The Lakota Ritual of the Sweat Lodge
History and Contemporary Practice
For centuries, a persistent and important component of Lakota religious life has been the Inipi, the ritual of the sweat lodge. The sweat lodge has changed little in appearance since its first recorded description in the late seventeenth century. The ritual held within, the “sweat,” consists of songs, prayers, and other actions conducted in a tightly enclosed, extremely hot and stifling environment. Participants who "sweat" together experience moral purification and even physical healing. Today, the sweat lodge ritual continues to be a vital part of Lakota religion. It has recently become popular among Lakotas recovering from alcohol and drug addiction and among those afflicted with AIDS.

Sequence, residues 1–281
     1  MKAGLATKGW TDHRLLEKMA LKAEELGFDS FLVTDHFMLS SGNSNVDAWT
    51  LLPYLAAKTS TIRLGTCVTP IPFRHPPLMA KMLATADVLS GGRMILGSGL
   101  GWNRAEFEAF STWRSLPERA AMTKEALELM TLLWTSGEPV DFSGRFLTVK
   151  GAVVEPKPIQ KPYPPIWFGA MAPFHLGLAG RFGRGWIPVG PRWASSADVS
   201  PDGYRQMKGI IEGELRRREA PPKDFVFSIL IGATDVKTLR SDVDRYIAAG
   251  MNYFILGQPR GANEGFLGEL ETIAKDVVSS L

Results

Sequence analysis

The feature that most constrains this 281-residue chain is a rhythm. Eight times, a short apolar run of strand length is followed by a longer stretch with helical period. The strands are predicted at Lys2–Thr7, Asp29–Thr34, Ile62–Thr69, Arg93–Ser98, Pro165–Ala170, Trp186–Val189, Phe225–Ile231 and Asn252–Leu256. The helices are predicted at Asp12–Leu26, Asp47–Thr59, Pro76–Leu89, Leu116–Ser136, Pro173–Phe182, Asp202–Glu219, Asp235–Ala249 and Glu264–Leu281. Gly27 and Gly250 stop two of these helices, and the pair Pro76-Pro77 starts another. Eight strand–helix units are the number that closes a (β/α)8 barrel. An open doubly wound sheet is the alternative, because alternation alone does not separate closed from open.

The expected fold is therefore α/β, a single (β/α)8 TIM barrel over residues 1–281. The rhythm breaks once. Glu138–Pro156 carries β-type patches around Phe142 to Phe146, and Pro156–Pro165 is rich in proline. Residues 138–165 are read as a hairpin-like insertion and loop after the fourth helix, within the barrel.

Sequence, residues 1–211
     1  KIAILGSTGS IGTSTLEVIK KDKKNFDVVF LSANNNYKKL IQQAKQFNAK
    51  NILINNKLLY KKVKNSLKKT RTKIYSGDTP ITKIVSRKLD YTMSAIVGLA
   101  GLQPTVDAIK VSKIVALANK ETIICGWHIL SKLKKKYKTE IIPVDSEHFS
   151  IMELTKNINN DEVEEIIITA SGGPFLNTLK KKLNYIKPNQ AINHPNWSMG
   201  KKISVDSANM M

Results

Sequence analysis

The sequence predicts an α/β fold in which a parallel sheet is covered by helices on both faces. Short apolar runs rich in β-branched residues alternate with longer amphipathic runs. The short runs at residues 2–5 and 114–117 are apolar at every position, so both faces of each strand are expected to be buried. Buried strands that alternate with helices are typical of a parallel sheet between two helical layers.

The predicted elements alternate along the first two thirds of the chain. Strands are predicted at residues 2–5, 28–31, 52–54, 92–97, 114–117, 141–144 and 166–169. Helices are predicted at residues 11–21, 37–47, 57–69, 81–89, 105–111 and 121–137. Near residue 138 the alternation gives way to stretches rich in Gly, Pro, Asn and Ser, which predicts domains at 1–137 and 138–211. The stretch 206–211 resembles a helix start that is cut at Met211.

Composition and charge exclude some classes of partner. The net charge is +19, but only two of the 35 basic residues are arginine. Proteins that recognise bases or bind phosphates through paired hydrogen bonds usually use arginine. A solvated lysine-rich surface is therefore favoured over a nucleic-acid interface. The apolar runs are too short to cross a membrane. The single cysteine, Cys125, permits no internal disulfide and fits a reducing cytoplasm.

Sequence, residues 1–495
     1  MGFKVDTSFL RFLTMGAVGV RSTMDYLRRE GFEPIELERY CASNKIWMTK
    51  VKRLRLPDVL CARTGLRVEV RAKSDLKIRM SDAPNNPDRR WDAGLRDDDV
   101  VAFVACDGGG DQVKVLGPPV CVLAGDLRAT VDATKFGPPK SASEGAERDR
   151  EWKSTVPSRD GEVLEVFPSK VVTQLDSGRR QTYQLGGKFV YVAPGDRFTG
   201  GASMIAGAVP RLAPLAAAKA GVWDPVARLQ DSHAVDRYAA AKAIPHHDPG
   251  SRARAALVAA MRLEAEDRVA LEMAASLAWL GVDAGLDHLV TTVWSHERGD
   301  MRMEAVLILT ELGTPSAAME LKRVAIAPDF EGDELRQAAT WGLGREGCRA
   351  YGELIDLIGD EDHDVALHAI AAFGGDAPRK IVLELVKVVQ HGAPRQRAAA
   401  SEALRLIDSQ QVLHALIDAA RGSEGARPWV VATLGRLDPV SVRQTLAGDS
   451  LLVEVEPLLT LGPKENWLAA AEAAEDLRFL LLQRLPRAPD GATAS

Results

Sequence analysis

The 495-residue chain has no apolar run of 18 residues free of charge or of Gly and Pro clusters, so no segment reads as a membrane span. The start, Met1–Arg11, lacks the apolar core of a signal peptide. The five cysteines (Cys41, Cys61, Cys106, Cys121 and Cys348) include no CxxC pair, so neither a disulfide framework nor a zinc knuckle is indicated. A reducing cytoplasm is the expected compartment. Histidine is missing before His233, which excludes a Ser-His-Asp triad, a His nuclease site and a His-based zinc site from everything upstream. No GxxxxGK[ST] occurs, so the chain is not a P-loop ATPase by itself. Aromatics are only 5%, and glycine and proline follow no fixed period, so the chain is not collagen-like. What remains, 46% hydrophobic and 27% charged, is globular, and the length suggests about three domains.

This impressive study is the first in-depth look at the history and significance of the Lakota sweat lodge. Bringing together data culled from historical sources and recent fieldwork at Pine Ridge Reservation, Raymond A. Bucko provides a detailed discussion of changes that have occurred in the structure and function of the "sweat" ritual over time. He offers convincing explanations for the longevity of the sweat lodge and its continuing popularity. The ritual survives because it is inherently malleable, girded by fixed physical and symbolic forms but continually subject to reinterpretation and creative modification. Consequently, the Lakotas are able to adapt this important healing ritual to meet their changing collective and individual needs.
336 pp — ©1998